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Black Keys, The - Turn Blue album flac

  • Performer: Black Keys, The
  • Title: Turn Blue
  • Size FLAC ver: 1214 mb
  • Date of release: 2014
  • Style: Alternative Rock
  • Other formats: TTA WAV MOD DMF FLAC ADX MPC
  • Genre: Rock
  • Rating: 4.6 of 5
Black Keys, The - Turn Blue album flac

Turn Blue is the eighth studio album by American rock duo the Black Keys. It was co-produced by Danger Mouse and the band, and was released on Nonesuch Records on May 12, 2014. The record was the group's fourth collaboration with Danger Mouse, following their previous studio album, El Camino (2011), which was their biggest commercial and critical success to that point

Turn Blue finds the Black Keys getting deep with themselves in several ways; Auerbach recently told Rolling Stone that the band set out to make a singles-bereft "Headphone record," and he's alluded elsewhere that his messy, allegation-laden divorce proceedings-which, in a elf touch, once was believed to include a lock of Bob Dylan's. hair-lent the album a "melancholy" vibe. Appropriately, Turn Blue sounds distant and subdued, a murky-sounding collection of '70s stoner-rock facsimiles and swirling gray tones that, for the most part, are.

Turn Blue, the Black Keys‘ eighth studio album, opens with seven minutes of slow burn and eccentric fury. Weight of Love is the sort of uproar most bands would save for a big finish. But the Keys – singer-guitarist Dan Auerbach and drummer Patrick Carney – and their co-producer Brian Burton, . Danger Mouse, show their nerve upfront in a mounting tension of acoustic guitar and painted-desert ambience, cut open by Auerbach’s machete-treble twang and battered by Carney’s unhurried John Bonham-like rolls. When Auerbach finally gets to the chorus, he sings it as high-pitched warning ( Don’t. In every other way, that turmoil is a giant step into the best, most consistently gripping album the Keys have ever made. And that includes their 2010 smash, Brothers.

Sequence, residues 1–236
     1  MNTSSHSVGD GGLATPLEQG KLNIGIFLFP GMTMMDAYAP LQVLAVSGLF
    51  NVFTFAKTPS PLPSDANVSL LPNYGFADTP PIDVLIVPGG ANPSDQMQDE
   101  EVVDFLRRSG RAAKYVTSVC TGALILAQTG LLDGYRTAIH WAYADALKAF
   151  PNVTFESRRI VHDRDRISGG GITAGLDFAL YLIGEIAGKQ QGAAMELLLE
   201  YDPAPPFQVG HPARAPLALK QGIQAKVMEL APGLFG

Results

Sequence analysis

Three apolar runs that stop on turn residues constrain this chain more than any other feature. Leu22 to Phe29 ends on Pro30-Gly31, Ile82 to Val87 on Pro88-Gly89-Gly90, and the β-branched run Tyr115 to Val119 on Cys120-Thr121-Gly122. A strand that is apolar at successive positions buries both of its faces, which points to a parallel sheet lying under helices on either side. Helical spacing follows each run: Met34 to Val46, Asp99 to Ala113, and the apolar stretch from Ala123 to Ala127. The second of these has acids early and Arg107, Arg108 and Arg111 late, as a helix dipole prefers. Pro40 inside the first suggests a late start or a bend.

Produced by Patrick Carney, Dan Auerbach & Danger Mouse.

Turn Blue, the 2014 successor to their down-and-dirty international blockbuster El Camino, is one of those trips, a churning psychedelic excursion that slowly pulses in any color you like. Those colors spread out slow and low as Turn Blue gets underway via "Weight of Love," sounding not at all unlike Pink Floyd's "Breathe in the Air," a deliberate comparison the Keys return to often throughout the album, letting it decorate fleeting moments and infuse full songs ("Bullet in the Brain," the first single pulled from the LP, hits many.

The fact that Turn Blue, the eighth album by The Black Keys, is full of songs about being hurt by a woman shouldn't be all that surprising. Although they, sonically speaking, haven't been a dirty, ng blues band in a few years now, they remain one at heart, which is why Dan Auerbach and Patrick Carney have continued to mine the th man" perspective. Although it follows the catchy, glam rock-indebted El Camino, Turn Blue is far more akin to 2010's Brothers. Like Turn Blue, the latter album was written during a period of personal turmoil (Carney had just gotten divorced from his first wife, and was also harboring some acrimony towards Auerbach related to his own 2009 solo album, Keep It Hid), but the duo rekindled their relationship and made what would be their commercial breakthrough.

With Turn Blue, The Black Keys’ highly-anticipated eighth album, it’s tempting to zoom in on a single turning point in the Akron duo’s timeline to figure out how they made it here. The obvious choice is 2010’s dusky Brothers, vocalist/guitarist Dan Auerbach and drummer Patrick Carney’s actual big come-up, eight years after debuting with The Big Come Up in 2002. The thing about the Keys, though, is that they still sounded like themselves even when their choruses became exponentially more robust. Auerbach and Carney simply became so good at what they do that they were no longer anyone’s secret.

Check Out The Black Keys' Upcoming Tour Dates. But the mood shifts on the ­dancefloor-friendly "In Time," and it keeps on shifting from there. Even so, the prevailing atmosphere of "Turn Blue" is downbeat and spooky. El Camino"'s success, and the resulting inflation of expectations, seems to have had a depressive effect on Auerbach and Carney.

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